After being greeted by the host, Sophia (who welcomes all guests and cooks both American and Jamaican staples for breakfast), and spending just one hour in my cabin, I really didn't miss the sound of some reality TV rerun or a classic film. And I didn't feel the need to take out my laptop to stream Netflix, either. (Yes, there's WIFI, which, for some, compensates for the exclusion of TVs in each space.)
I found that just enjoying the island breeze while listening to the birds and property's dogs conversing to be super freeing and a welcome start to my silent stay. I swung on my private patio swing, did a bit of journaling, and then took a walk, passing by the on-site kitchen (where I was told guests could cook and share their own meals).
2. Silence can facilitate the best damn sleep of my life.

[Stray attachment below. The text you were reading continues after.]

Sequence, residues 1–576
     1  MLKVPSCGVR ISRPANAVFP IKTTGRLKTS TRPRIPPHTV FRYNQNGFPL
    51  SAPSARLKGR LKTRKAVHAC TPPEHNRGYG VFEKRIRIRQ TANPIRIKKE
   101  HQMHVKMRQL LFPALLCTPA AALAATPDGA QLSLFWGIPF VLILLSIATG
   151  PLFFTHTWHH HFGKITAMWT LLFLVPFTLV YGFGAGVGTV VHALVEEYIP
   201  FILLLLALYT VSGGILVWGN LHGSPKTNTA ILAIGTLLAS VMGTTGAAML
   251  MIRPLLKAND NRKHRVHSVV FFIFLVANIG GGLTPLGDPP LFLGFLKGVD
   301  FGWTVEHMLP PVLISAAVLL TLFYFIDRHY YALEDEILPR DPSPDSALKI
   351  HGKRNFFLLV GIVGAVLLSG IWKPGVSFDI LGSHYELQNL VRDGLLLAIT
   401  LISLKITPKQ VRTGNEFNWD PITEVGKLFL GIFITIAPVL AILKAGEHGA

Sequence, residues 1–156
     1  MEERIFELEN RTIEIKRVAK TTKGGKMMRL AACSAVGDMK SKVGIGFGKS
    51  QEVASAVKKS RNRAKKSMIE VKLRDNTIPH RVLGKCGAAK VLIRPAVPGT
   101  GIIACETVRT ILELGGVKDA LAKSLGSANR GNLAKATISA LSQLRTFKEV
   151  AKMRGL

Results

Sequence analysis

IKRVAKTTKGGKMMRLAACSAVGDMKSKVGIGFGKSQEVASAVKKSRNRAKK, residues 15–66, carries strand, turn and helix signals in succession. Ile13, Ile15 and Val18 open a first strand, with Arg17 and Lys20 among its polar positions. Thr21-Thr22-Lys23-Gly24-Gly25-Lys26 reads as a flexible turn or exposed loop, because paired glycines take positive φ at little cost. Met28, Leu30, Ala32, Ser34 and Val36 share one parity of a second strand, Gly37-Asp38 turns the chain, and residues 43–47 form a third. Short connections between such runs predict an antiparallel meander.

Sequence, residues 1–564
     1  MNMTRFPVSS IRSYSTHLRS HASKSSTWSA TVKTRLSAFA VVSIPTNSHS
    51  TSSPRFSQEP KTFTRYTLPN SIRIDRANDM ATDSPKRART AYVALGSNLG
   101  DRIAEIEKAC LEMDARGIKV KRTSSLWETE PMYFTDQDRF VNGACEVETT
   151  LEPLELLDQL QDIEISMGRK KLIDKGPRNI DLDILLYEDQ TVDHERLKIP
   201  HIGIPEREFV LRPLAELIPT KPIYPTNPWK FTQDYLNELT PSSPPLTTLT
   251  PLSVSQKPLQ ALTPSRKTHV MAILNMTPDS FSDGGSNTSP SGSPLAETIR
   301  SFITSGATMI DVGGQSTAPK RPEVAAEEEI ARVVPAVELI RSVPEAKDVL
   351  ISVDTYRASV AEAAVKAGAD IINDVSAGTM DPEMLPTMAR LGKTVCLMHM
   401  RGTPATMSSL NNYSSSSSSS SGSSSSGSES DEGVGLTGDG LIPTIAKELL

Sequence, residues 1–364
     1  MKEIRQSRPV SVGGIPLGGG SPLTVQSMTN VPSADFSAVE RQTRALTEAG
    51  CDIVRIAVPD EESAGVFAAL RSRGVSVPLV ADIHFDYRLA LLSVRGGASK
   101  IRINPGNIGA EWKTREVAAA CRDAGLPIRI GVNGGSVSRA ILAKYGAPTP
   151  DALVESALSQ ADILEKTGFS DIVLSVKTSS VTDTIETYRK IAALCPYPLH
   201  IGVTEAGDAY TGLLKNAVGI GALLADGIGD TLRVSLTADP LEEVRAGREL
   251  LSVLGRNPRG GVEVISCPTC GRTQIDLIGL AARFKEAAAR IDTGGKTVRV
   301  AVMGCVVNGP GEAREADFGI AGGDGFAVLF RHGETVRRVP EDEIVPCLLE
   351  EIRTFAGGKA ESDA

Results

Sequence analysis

Typically I only sleep well when I've done something physically or mentally grueling (i.e. working out, finishing up a super busy day, or decompressing after a super stressful experience.) Before the trip, I'd also been experiencing insomnia due to the rigors of balancing multiple client deliverables at once while trying to lose a few pounds and meet a fitness goal by a certain date. The worry and anxiety had gotten the best of me, affecting my sleep.
During my stay at Tingalaya's Retreat, I got the best sleep of my life. By the time evening hit, the calming atmosphere I'd enjoyed throughout the day was literally like taking a sleeping pill.
After taking a steamy shower in my ensuite bathroom, which also had antique touches, included lemongrass-scented toiletries, and featured a somewhat open-air vibe, I allowed myself to fully enjoy the massive bed, enveloped in soft cotton sheets and an embroidered quilt. At night, it was eerily quiet (and dark) which added a bit more allure to the experience. I found that if I challenged myself to become one with my surroundings and trusted God in placing and protecting me at that moment, I'd find better peace to sleep, and it worked.